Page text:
Oil prices rose around two per cent yesterday, hitting their highest level since June, after the fifth weekly fall in US crude inventories.
Crude stockpiles in the US fell three million barrels last week, according to data released by the Energy Information Administration (EIA), overturning a Reuters forecast of analysts that expected an increase of 2.6m barrels. Inventories were still historically high for this time of year.
Brent crude, the global benchmark, was up 2.1 per cent to $51.92 per barrel in afternoon trading (GMT), peaking at $52.09. This is its highest level since 10 June.
US West Texas Intermediate crude was up 2.3 per cent at $49.80, though it hit an earlier high of $49.95, a level it hasn’t reached since 29 June.
“Crude oil’s fundamental outlook continues to improve: as well as the planned Opec oil output cut, we have seen surprise inventory destocking in the US five straight weeks now,” said Fawad Razaqzada, market analyst at Forex.com.
“In addition to the prospects of reduced supply, the oulook for oil demand appears to be healthy too, judging by this week’s key US economic data which have been mostly positive, with the key Institute of Supply Management services sector PMI surging to its highest point in almost a year.”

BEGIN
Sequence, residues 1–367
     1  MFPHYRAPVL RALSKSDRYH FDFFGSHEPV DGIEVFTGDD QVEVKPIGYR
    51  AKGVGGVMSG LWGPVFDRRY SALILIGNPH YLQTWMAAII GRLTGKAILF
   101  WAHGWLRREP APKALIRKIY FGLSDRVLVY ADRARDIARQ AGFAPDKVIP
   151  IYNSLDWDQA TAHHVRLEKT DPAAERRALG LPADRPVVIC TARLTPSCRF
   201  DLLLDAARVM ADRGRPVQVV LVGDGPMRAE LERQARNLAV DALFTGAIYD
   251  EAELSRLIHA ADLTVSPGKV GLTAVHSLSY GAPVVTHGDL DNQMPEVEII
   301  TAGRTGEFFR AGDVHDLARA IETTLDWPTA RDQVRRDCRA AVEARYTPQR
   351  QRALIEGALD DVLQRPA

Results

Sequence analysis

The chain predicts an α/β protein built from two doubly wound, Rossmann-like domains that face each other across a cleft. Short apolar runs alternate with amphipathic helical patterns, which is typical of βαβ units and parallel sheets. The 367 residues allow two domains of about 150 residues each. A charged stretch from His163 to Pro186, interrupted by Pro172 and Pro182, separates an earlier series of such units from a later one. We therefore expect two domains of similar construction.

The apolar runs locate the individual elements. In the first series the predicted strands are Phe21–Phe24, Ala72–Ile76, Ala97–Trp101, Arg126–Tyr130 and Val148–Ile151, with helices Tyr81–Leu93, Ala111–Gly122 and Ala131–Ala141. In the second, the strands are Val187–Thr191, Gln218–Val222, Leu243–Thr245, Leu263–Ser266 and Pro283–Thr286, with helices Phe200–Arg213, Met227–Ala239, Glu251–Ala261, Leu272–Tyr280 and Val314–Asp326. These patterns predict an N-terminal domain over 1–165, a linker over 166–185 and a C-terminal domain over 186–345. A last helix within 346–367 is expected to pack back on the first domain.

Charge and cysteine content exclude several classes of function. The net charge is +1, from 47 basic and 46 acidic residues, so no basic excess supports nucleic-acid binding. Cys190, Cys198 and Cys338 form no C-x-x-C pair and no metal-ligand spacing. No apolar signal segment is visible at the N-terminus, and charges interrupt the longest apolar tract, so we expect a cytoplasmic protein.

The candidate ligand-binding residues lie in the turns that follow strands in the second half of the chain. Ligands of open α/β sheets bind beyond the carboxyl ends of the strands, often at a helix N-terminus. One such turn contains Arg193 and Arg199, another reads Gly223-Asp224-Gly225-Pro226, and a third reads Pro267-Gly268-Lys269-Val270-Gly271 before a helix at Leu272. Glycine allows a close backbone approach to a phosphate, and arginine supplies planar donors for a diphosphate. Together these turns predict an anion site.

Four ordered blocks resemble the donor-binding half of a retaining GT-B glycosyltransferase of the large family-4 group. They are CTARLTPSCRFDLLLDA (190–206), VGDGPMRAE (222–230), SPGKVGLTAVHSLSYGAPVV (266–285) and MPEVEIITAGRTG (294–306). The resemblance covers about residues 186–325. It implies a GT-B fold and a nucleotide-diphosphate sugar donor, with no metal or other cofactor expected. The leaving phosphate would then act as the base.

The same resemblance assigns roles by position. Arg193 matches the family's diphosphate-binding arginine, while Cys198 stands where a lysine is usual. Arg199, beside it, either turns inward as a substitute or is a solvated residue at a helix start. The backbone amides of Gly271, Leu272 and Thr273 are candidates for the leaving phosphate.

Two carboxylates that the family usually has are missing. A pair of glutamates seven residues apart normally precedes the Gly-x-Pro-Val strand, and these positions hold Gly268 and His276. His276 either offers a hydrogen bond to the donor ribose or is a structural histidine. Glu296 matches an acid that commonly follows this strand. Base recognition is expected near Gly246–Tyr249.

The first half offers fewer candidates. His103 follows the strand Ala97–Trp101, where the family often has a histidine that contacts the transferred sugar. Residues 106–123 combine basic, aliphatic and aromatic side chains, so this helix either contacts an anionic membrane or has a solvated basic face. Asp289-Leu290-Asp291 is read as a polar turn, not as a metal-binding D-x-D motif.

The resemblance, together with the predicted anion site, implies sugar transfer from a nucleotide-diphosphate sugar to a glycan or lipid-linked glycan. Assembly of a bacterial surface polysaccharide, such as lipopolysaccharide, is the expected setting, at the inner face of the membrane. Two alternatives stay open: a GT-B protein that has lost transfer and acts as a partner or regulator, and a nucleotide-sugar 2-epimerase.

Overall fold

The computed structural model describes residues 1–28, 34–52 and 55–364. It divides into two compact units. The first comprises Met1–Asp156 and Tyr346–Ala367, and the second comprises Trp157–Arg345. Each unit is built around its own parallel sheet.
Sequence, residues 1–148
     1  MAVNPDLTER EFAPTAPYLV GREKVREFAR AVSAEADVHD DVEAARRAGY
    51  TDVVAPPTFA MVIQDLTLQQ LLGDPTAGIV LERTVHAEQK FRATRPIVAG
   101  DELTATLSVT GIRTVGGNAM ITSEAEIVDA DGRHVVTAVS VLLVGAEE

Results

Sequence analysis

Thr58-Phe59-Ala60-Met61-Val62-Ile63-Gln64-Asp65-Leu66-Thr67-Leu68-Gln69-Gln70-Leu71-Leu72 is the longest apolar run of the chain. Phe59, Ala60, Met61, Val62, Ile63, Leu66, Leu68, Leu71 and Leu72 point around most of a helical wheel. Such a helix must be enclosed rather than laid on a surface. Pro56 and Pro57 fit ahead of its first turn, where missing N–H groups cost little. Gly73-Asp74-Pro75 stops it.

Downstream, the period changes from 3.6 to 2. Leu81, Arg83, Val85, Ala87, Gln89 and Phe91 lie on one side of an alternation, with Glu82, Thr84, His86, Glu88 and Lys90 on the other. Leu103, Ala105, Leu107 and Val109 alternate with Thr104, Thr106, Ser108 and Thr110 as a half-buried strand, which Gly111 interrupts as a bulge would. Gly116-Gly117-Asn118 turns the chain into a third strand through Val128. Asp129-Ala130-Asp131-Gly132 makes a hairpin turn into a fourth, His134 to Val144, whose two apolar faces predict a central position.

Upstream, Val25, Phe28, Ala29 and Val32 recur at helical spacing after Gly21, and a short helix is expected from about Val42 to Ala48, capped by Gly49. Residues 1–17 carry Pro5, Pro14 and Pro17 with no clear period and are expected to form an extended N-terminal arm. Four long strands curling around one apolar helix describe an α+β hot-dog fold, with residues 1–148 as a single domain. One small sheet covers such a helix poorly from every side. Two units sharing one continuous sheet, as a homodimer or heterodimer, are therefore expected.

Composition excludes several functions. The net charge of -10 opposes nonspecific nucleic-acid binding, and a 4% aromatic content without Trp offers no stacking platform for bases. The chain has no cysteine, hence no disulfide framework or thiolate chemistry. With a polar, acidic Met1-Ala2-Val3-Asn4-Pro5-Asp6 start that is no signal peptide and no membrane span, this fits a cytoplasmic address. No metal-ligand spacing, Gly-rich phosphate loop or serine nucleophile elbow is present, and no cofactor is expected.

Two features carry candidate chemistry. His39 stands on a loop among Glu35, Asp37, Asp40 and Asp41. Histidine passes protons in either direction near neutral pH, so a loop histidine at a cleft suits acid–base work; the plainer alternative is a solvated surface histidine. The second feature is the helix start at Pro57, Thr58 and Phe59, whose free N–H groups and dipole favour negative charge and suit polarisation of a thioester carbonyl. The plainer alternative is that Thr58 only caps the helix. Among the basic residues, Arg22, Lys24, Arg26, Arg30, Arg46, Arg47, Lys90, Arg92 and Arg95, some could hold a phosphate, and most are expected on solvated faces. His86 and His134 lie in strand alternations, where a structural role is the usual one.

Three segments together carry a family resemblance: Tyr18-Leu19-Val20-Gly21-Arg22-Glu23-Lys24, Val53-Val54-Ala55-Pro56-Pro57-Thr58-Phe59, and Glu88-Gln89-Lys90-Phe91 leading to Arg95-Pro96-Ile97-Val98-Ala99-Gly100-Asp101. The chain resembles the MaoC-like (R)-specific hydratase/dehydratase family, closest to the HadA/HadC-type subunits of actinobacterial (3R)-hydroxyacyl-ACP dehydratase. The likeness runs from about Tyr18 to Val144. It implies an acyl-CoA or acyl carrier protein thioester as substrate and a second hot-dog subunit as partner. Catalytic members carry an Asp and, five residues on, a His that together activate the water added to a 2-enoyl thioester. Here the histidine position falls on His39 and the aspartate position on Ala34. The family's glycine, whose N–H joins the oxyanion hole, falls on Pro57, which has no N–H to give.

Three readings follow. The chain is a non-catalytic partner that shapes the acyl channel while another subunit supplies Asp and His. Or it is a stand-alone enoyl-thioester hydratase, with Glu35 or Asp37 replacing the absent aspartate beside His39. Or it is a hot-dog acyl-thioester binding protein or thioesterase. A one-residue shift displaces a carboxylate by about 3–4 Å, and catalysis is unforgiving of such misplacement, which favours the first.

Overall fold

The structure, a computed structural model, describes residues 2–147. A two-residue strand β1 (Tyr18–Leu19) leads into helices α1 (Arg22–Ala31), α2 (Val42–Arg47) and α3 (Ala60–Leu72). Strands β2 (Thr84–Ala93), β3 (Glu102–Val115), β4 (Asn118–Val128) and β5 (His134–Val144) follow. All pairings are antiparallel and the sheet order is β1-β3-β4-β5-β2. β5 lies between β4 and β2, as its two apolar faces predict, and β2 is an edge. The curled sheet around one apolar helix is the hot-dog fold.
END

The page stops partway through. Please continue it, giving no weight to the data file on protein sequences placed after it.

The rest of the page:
Prices have also been buoyed since the Organization of the Petroleum Exporting Countries (Opec) provisionally agreed to cut output to between 32.5m and 33m barrels per day.
The agreement, which will be the first production cut for eight years, surprised many market commentators as several previous attempts to thrash out a new freeze agreement have collapsed due to tension between regional rivals Saudi Arabia and Iran.
How much each member country will need to cut production by will be decided at the next formal Opec meeting in November.